By Trevor Busch
Does Alberta need an alternative to the Canada Pension Plan (CPP)?
Premier Danielle Smith, among others in the UCP, think that it does.
Smith’s recent mandate letter to Finance Minister Nate Horner directed him to re-examine the idea, which has been strongly denounced by Rachel Notley and the NDP, while also releasing the government’s Alberta Pension Plan (APP) report on the advantages and disadvantages of exiting the CPP.
Proponents of an APP argue the province’s younger demographics could support a plan that offers similar benefits for less than the CPP.
Taber-Warner MLA Grant Hunter, on the other hand, wants to examine the numbers before making any endorsements for a made-in-Alberta pension plan.
“I’m all about the numbers, whatever will make Alberta a better place – I am all about that,” said Hunter. “So when we get the final report, then let’s read through it. Let’s read through those, and let’s figure out as Albertans, what’s the right thing to do? I mean, if it makes sense, if it’s going to save us a whole bunch of money, if it’s going to save Albertans and our pensioners a whole bunch of money, or they’re going to be able to make more money, then why wouldn’t we look at that?”
While Quebec has its own pension plan (the province chose to go its own way when the CPP was created in 1966), no province has ever exited the CPP so Alberta would be entering uncharted waters.
“I don’t hold dogmatically to something just because I want to look at the numbers,” said Hunter. “I’m all about outcomes. And if the outcome looks like it’s going to be better for Albertans, for us to have a provincial pension fund like Quebec has, then I’m interested in looking – I don’t think anybody would not look at it. I’m not sure exactly why (there) seems to be so much buzz about it. But let’s look at the numbers first.”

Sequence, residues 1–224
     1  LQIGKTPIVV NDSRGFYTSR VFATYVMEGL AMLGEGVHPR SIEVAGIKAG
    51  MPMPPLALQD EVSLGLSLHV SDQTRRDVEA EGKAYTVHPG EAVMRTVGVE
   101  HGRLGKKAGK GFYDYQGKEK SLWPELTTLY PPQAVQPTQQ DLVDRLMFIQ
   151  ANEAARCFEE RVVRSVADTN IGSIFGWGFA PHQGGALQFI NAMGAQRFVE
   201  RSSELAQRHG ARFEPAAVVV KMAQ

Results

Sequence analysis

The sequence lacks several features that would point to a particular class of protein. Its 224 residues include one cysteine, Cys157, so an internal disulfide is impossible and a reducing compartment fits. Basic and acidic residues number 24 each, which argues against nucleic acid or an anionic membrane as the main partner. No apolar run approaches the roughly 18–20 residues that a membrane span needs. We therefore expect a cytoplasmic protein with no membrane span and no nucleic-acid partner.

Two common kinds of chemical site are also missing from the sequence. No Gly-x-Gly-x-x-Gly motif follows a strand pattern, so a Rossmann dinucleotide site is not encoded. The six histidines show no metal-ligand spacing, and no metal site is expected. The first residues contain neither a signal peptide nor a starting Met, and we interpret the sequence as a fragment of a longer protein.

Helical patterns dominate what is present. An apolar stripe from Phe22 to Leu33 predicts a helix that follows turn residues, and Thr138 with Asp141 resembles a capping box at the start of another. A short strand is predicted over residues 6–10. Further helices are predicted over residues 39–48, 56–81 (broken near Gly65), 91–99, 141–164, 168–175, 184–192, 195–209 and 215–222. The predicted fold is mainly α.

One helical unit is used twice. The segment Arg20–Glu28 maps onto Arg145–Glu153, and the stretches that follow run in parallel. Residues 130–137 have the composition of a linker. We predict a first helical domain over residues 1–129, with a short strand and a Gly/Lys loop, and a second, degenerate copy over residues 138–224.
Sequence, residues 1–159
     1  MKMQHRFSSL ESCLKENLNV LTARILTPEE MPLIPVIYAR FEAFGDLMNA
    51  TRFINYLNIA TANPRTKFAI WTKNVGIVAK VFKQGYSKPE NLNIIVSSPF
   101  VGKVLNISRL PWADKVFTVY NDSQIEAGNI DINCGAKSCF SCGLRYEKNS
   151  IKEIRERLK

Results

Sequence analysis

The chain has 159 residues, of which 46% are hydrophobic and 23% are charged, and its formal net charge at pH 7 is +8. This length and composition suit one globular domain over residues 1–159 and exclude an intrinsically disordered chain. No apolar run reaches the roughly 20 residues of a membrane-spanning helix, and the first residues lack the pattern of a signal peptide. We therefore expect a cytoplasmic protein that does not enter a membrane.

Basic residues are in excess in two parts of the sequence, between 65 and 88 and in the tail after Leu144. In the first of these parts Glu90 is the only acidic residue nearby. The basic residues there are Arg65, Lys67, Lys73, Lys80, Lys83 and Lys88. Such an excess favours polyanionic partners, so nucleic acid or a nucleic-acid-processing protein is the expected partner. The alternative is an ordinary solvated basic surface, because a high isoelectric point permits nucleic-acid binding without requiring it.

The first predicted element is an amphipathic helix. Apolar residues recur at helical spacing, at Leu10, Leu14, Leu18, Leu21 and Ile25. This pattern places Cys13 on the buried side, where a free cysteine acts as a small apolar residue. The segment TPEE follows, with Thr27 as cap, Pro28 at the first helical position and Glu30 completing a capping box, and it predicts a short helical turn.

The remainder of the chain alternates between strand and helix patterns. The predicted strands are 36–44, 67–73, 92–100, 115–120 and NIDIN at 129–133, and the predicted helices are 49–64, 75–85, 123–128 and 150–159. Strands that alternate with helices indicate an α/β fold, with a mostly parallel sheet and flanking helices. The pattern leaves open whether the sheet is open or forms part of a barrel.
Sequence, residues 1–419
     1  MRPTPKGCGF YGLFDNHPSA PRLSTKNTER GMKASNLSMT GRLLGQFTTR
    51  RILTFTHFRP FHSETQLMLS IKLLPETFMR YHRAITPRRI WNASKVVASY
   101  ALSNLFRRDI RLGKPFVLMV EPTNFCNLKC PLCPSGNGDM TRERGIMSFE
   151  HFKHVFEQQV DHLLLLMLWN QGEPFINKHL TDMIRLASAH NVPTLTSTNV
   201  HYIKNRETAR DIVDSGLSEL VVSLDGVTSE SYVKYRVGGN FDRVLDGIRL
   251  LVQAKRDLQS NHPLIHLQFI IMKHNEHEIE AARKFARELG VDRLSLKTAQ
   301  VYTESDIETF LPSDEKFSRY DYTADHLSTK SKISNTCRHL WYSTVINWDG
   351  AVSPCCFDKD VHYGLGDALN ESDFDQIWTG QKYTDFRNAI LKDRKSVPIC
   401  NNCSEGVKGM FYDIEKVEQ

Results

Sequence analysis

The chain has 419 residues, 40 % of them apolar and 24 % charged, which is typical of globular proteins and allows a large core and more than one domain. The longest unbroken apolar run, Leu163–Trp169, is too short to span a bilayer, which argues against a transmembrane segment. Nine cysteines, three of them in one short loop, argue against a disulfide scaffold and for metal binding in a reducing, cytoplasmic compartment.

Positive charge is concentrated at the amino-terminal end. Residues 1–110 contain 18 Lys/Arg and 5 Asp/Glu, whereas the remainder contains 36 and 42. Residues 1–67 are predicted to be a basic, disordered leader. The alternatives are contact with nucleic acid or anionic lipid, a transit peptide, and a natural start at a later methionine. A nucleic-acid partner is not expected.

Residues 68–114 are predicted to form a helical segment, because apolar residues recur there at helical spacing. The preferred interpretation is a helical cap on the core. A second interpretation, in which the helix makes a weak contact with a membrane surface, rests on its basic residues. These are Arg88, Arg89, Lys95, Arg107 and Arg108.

Alberta can’t simply wash its hands of the CPP and walk away. Three key conditions would have to be met, including giving three years’ notice and assuming accrued obligations and liabilities, enacting our own legislation within a year of that notice, and getting a stamp of approval from the federal government that recognizes the provincial plan as “being comparable to the CPP” – negotiations that constitutional experts and federal civil servants suggest would be extremely contentious.
That being said, arguments the provinces or federal government could outright block Alberta’s exit from the CPP are largely false, but negotiations over the details of an exit and the structure of an APP would likely be bitter and protracted.
Horner has yet to specify when the APP report is expected to be released publicly. For Hunter, if it indicates only marginal benefits for Alberta in creating an APP, he would be reluctant to endorse the idea.
“Before we bet, the numbers say it’s going be marginally better. But is it really worth it? And I think that we just say no, we’re not going do it. Very simple in my mind.”
One silver lining for Albertans less than enthusiastic about the idea of leaving the CPP is Smith’s mandate letter confirmed any decision won’t be made around the cabinet table but by putting the question to voters through a province-wide referendum.